Bagman of Cantley - Packaging Materials supplied throughout the UK
| The Old Granary|
Norfolk NR13 4AZ
Tel 01603 714691
Fax 01603 715391
Prompt van delivery within our local delivery area
History of Packaging
Packaging as we know it today is the result of a long development process. It is the product of continuous research aimed at finding better methods of packaging the various goods we use, including our food, in order to ensure the best protection for them.
The very first people to tread the earth, back in the depths of prehistory, sought to conserve the surplus food collected during their hunting, fishing and food-gathering for the longest possible time, so as to be well prepared for any future food shortage. They used the leaves from trees, woven baskets and animal skins to store their food. Terracotta was used to make vessels to carry liquids.
The remains of these earthen pots and leather pouches are today the treasure-troves of archaeologists and palaeontologists. They teach them much about our ancient ancestorsí lifestyles. But it is now clear that these early forms of packaging were very rudimentary, and not a lways hygienic, with the result that daily life at that time revolved around the search for food. Most developing countries still suffer today from a lack of packaging, a deficiency that results in the loss of some 50% of their resources.
The seeds of agriculture were sown between 11,000 and 12,000 years ago, creating the need for a more effective means of protecting seeds and harvested products. Glass, which emerged in the Far East some 5,000 years before Christ, was one invention destined to revolutionise manís capacity to conserve and transport goods. At that time, glass was only used to make jewellery, but 1,000 years later the Egyptians used this material to create jars of all kinds.
Further down through the centuries, antique civilisations bequeathed us with receptacles which, to our eyes, seem rather more like works of art than everyday items. In fact, they are the predecessors of our current packaging and containers. Though technical innovations were few and far between, the collections of ceramic and blown glass which fill our museums today demonstrate the extent to which everyday containers had become indispensable tools in the daily life of our ancestors.
In the Middle Ages, wooden barrels became the most frequently used way of preserving goods. They were used for storing all kinds of solids and liquids, protecting them from light, heat and dampness. Their considerable robustness allowed them to be transported on the perilous roads of the age and to be carried by boat. It was during the industrial revolution in Europe that packaging really took off. The vast range of products made available to the consumer brought about a change in lifestyle, providing consumers with greater choice and allowing trade to flourish. The need for packaging grew.
From then on, the rate of innovation accelerated. The Frenchman Nicolas Appert invented the can in 1810. Though it was made from glass rather than metal, it represented the birth of a long-term preservation method for food. Canned food w as first put to the test by the army during the Crimean wars and during the American Civil War before it became available to consumers.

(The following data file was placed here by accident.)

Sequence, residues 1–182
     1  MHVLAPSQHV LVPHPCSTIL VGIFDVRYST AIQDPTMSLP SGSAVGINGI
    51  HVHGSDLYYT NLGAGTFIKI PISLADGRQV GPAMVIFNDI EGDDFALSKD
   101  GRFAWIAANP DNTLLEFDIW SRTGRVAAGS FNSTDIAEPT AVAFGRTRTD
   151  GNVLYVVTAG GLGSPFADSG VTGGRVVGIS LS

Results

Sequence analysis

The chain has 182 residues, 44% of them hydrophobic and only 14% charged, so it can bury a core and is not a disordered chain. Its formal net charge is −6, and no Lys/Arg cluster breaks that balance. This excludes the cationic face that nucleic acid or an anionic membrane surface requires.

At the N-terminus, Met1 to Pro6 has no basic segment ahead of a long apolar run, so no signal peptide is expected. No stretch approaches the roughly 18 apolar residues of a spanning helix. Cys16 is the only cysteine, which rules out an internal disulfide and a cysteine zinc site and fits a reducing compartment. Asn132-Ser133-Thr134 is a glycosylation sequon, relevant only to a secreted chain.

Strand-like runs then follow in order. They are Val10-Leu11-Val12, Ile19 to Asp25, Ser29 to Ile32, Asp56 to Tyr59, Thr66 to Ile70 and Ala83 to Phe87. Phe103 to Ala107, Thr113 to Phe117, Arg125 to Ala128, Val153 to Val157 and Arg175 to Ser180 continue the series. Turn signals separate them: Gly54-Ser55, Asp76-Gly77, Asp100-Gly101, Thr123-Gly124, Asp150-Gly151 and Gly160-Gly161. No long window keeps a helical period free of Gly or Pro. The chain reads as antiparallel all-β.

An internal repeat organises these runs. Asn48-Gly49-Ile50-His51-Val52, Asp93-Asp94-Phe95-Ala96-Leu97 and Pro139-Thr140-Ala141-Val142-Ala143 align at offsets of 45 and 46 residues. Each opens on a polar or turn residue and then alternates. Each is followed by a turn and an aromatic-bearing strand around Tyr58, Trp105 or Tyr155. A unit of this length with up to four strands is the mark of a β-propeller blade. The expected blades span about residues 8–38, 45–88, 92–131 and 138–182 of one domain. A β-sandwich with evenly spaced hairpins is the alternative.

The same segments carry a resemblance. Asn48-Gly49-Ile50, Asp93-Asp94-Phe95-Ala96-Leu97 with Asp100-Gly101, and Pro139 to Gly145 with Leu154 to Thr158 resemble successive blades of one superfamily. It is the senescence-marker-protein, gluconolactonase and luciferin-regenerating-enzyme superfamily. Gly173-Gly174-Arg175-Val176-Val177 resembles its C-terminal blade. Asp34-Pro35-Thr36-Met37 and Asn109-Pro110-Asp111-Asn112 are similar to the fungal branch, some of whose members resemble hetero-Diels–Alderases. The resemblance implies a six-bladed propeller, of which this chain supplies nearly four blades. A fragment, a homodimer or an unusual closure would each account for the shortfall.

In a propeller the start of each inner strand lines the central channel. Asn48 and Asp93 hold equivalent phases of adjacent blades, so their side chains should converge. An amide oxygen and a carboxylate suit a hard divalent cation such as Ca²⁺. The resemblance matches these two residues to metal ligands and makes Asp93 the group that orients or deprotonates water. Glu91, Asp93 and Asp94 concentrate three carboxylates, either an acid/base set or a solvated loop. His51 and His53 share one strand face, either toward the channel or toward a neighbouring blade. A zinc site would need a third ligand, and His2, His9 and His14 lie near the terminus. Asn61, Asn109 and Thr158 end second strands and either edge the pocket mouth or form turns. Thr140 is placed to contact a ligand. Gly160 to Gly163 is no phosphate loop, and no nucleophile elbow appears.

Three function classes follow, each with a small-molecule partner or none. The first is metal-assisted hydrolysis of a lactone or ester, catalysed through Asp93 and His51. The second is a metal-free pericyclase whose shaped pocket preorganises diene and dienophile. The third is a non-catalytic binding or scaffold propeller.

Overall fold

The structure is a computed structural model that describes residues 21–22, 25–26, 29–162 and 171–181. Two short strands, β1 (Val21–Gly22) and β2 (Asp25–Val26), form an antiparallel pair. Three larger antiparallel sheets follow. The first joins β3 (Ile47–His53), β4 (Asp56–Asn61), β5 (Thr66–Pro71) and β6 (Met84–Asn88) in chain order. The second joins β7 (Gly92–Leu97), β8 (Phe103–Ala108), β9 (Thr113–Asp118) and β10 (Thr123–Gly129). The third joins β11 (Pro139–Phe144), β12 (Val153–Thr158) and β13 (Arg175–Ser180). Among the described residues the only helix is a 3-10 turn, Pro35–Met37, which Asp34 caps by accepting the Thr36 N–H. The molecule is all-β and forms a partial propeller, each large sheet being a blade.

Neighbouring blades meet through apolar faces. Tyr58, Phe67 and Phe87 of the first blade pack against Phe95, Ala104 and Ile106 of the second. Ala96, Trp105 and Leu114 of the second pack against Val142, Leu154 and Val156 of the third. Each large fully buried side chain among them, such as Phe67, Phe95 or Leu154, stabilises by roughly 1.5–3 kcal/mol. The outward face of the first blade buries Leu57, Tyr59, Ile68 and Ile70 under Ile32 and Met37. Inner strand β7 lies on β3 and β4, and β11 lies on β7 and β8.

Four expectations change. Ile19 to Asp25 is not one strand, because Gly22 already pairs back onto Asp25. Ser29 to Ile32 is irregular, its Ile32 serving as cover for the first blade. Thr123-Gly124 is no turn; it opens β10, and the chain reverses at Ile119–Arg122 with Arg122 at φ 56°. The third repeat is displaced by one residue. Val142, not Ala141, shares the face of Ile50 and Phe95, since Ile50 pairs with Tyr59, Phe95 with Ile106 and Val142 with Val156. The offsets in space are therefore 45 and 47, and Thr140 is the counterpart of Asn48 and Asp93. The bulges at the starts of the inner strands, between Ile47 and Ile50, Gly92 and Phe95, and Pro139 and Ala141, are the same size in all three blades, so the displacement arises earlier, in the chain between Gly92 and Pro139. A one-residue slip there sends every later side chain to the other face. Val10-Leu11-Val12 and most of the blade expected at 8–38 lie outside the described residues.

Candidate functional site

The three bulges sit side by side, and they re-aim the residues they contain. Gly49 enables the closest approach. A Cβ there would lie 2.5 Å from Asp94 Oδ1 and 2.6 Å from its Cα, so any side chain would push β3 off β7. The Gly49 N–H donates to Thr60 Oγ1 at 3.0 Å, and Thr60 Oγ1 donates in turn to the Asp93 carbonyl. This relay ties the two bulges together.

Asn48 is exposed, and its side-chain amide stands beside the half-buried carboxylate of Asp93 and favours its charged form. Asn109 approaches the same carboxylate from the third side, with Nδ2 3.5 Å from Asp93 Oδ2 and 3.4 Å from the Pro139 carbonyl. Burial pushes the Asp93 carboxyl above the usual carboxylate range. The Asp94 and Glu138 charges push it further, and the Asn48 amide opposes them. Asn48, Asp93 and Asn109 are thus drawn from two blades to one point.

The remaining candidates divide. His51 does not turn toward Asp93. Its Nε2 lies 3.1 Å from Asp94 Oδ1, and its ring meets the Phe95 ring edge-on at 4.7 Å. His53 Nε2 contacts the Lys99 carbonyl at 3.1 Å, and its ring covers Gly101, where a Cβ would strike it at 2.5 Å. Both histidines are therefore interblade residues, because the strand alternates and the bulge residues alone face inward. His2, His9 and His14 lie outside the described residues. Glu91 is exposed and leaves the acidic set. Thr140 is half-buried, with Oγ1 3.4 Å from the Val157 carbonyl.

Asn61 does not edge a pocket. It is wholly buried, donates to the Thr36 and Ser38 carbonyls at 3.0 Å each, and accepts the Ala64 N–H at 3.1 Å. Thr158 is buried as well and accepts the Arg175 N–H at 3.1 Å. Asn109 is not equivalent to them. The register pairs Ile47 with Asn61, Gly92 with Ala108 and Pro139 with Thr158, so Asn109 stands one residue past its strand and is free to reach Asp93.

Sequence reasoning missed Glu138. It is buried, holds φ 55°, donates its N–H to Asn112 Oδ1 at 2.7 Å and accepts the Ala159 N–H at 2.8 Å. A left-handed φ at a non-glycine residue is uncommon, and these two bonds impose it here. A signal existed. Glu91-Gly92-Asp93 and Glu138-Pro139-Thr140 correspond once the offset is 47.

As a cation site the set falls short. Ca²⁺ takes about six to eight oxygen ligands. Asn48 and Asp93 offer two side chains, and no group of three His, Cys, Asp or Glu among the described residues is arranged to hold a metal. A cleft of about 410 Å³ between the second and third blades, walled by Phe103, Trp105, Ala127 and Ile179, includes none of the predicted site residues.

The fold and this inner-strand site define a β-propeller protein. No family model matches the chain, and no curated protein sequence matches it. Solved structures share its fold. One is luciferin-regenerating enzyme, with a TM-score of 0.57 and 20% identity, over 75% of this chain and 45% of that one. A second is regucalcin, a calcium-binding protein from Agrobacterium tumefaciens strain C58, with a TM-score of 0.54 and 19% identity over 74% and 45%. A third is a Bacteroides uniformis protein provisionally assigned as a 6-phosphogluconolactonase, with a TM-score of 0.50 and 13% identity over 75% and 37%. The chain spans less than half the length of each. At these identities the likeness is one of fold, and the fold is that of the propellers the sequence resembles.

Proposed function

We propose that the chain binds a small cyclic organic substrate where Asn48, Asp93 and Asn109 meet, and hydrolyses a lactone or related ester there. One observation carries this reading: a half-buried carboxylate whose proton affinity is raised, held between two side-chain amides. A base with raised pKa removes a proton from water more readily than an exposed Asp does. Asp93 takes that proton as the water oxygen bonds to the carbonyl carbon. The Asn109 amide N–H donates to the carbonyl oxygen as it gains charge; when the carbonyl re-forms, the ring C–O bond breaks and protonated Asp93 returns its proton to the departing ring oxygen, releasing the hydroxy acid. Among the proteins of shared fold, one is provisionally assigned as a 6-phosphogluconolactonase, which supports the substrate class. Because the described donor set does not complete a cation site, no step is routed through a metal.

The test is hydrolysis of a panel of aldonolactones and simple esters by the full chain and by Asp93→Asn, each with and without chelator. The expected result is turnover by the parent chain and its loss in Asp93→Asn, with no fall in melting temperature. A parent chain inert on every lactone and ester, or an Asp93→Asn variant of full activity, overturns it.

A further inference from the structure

The cardboard box emerged at the end of the 19th century, a simple yet revolutionary invention. An American, Robert Gair, had the bright idea of manufacturing in bulk a pre-cut cardboard panel which, once folded, would form a box. This made the transportation of goods much easier and the box became the most widely used method of packaging at the beginning of the century due to its very low price and ease of use. Today, boxes are used to supply us with fragile and high-tech equipment, such as video recorders and computers.
In 1920, the invention of transparent cellophane marked the beginning of the era of plastic. Polyethylene, the first plastic used for packaging, was discovered in 1933Öby mistake! Aluminium foil, which came later, made it possible to effectively seal medications and other sensitive products.
From then on, a large number of technical inno vations led to the continued improvement of packaging and, consequently, to increased choice of food, thus improving our everyday standard of living. In the 1940s, packaging was developed for frozen food. In 1952 the aerosol came onto the market. Cans, available from the 1960s, heralded the explosion of the soft drinks market. Aseptic cartons, invented in 1961, have been used for preserving long-life milk ever since.
This continuous quest by mankind to find new methods of conserving food and transporting products has allowed us to substantially limit the loss of our resources over the course of time. It has allowed us to move from a society living from one day to the next, dependent on available food sources, to a world which manages its resources in the long term. Efficient packaging, which can be adapted to all kinds of goods, has made this possible. Modern packaging is what allows us to reheat a frozen meal, as well as to ensure that the Mona Lisa can be sent to the other side of the world and arriv e in one piece.
This article reproduced by kind permission of
EUROPEN - The European Organisation for Packaging and the Environment